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Saudi Arabia and the United States

Back to Diplomats and Diplomacy Saudi Arabia and the United States: Birth of a Security Partnership “. . . a seminal contribution to our understanding of the origins and sometimes bumpy evolution of the U.S.-Saudi relationship in the overall Middle East context [by] one of the diplomatic pioneers in that bilateral relationship.” Hermann Fr. Eilts, […]

Duty and Danger: Escaping the Burning U.S. Embassy in 1979 Libya

On December 2nd, 1979, thousands of anti-American demonstrators attacked the U.S. Embassy; protesters broke down the door and set fires that damaged the lower floors. Political Officer James Hooper and other American officials inside the embassy hurriedly attempted to shred sensitive information before sneaking out past an angry mob, one by one, through a back […]

Posted in A Moment in U.S. Diplomatic History
“Encouraging” Soviet Workmen in 1984—Vodka, Cigarettes, and Snow Plowing in Soviet Russia

The currency of Soviet Russia was the ruble—or was it? When General Services Officer Robert Weisberg was posted to the U.S. Embassy in Moscow in 1984, he found out first-hand that things sometimes get done a little faster with a few cartons of cigarettes and bottles of vodka. In a winter with heavy snowfall, it […]

Posted in A Moment in U.S. Diplomatic History
The 1964 Murder of Noted Composer Marc Blitzstein in Martinique

In 1964 on the French island of Martinique, well-known American composer Marc Blitzstein was found on the street badly injured and shouting for help. Blitzstein had been brutally attacked and robbed by three sailors after attempting to pick them up in a bar. The U.S. consular officer in Martinique, William B. Milam, rushed to check […]

Posted in A Moment in U.S. Diplomatic History
Diamonds, Coal, and the Dutch Queen—NBC’s First Female Broadcaster Escapes The Netherlands in 1940

Reporting live from a shortwave radio station near the German border at the beginning of World War II, NBC’s first female correspondent, could hear the bombs begin to land outside her Dutch radio station—and so could her audience. Margaret Rupli Woodward knew it was time to go. In May 1940, Woodward was living in the […]

Posted in A Moment in U.S. Diplomatic History
Being the Security Agent-in-Command During the 1985 Visit of Prince Charles and Princess Diana to America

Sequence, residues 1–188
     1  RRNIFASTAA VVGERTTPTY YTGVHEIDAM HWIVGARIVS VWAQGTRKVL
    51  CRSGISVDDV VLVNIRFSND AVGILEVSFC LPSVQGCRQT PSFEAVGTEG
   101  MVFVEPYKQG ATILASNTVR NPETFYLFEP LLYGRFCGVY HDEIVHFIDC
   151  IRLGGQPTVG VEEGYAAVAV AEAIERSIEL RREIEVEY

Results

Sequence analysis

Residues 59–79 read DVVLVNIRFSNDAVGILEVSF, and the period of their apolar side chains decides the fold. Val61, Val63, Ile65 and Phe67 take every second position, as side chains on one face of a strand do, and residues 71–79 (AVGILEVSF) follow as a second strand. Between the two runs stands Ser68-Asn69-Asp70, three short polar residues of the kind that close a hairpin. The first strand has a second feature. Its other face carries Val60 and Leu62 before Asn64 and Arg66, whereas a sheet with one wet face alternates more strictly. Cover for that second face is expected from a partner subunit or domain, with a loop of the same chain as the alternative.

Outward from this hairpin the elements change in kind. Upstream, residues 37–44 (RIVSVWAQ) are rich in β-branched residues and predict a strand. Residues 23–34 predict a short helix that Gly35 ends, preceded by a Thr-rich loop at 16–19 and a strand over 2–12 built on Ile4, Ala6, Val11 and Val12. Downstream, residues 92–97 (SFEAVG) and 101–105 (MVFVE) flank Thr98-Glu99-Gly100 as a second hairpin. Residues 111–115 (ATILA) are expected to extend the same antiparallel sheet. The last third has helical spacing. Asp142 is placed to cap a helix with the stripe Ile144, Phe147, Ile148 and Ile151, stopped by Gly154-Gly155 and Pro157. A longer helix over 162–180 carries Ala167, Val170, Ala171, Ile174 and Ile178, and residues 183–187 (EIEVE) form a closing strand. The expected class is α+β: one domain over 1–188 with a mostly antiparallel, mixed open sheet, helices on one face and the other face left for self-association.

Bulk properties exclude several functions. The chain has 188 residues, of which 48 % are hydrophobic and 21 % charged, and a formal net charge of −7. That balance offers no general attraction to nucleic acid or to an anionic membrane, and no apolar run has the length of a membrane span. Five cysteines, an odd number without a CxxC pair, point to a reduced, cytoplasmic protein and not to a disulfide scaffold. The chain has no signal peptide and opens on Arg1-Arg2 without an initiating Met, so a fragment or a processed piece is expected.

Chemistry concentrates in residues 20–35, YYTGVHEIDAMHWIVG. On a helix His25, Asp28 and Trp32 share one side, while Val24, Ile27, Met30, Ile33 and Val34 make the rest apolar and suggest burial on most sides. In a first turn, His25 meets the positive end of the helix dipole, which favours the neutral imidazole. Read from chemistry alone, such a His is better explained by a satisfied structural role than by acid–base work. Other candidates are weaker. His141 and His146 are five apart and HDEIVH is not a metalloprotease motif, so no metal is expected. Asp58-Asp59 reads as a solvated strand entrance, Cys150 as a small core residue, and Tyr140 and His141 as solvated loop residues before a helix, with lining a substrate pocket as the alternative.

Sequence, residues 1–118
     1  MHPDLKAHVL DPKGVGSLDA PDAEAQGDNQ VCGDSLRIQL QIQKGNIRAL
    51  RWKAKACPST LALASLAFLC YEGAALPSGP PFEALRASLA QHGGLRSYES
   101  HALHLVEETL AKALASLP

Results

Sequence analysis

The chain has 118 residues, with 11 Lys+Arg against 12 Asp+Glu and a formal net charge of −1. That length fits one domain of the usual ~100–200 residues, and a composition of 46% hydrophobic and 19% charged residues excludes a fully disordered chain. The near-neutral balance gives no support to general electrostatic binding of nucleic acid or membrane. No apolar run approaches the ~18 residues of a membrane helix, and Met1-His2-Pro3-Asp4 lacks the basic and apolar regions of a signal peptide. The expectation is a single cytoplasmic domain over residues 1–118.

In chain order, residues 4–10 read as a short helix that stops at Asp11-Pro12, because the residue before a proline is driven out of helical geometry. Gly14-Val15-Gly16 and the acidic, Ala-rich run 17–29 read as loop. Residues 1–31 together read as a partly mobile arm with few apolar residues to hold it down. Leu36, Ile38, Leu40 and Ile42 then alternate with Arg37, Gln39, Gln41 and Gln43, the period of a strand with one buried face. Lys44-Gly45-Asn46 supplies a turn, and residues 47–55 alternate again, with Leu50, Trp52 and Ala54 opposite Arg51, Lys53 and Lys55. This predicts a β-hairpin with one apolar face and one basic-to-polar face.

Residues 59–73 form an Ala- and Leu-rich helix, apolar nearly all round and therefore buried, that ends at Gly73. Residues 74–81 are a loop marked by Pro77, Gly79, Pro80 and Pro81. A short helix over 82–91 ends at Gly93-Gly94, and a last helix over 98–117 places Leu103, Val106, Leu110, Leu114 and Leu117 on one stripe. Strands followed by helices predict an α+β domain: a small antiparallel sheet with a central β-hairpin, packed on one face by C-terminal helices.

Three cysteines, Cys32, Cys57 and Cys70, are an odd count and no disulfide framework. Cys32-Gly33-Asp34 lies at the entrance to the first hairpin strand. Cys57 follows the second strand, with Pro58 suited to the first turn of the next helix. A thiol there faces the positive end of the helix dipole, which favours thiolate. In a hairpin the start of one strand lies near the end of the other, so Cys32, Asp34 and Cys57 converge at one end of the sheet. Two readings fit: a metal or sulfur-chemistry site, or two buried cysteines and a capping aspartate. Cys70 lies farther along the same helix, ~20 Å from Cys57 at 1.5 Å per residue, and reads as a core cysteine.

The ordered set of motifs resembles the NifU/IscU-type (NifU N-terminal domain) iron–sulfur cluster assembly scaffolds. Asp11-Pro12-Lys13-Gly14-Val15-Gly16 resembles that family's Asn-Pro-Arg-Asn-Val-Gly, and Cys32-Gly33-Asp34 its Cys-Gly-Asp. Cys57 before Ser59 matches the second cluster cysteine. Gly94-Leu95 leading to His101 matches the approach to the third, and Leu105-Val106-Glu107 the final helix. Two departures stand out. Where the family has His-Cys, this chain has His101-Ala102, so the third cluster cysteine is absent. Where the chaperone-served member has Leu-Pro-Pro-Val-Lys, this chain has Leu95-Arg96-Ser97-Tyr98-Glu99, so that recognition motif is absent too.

When Prince Charles and Princess Diana of the United Kingdom came to visit the United States in 1985, Dennis Williams of the State Department’s Bureau of Diplomatic Security (DS) volunteered to be Agent-in-Command (AIC) of the British Royals’ security detail.  Ahead of the two-week visit, Williams faced a challenge convincing State Department management that he […]

Posted in A Moment in U.S. Diplomatic History
Protecting Greenland: The American Consulate at Godthab, 1940-42

During World War II, Nazi Germany invaded and occupied continental Denmark, leaving the Kingdom’s other two territories, the Faroe Islands and Greenland, exposed to a possible German invasion. The United Kingdom quickly occupied the Faroe Islands and, along with Canada, made plans to occupy parts of Greenland, which would drag the otherwise neutral island into […]

Posted in A Moment in U.S. Diplomatic History, Consular, Europe, Military Tagged , , , |
You Know a Coup is Coming but No One will Listen: Sudan 1964

Sudan’s long history has been riddled with internal conflict. The United Kingdom and Egypt controlled Sudan for the first half of the twentieth century, then agreed to cede it self-government in 1953. In December 1955, the premier of Sudan declared unilateral independence. The newly independent Republic swiftly fell into a pattern of civil wars, coups […]

Posted in A Moment in U.S. Diplomatic History, Africa, Espionage, Foreign Service, Military, Post-Colonialism, Public Diplomacy Tagged , , , , , |
Ireland and the U.S.: The Best of Friends, Except When They Weren’t

Relations between the U.S. and Ireland have traditionally been strong, thanks to common ancestral ties, history and shared values. Irish citizens immigrated to the thirteen Colonies, fought in the War of Independence and were among the first to drive cattle westward. Prompted largely by the Great Irish Famine, from 1820 to 1860 two million Irish […]

Posted in A Moment in U.S. Diplomatic History, Cold War, Europe, Post-Colonialism, Terrorism Tagged , , |
Looking at the War in the Falklands/Malvinas from Both Sides Now

In 1982 a long-simmering dispute between the United Kingdom and Argentina over a small group of islands – the Falklands for the British, the Malvinas for the Argentinians – erupted into war. The disagreement arose from a dispute that goes back to the 1700’s when France, Spain, and Britain all tried to claim and settle the […]

Posted in A Moment in U.S. Diplomatic History, Europe, Military, Post-Colonialism, Public Diplomacy, Western Hemisphere Tagged , |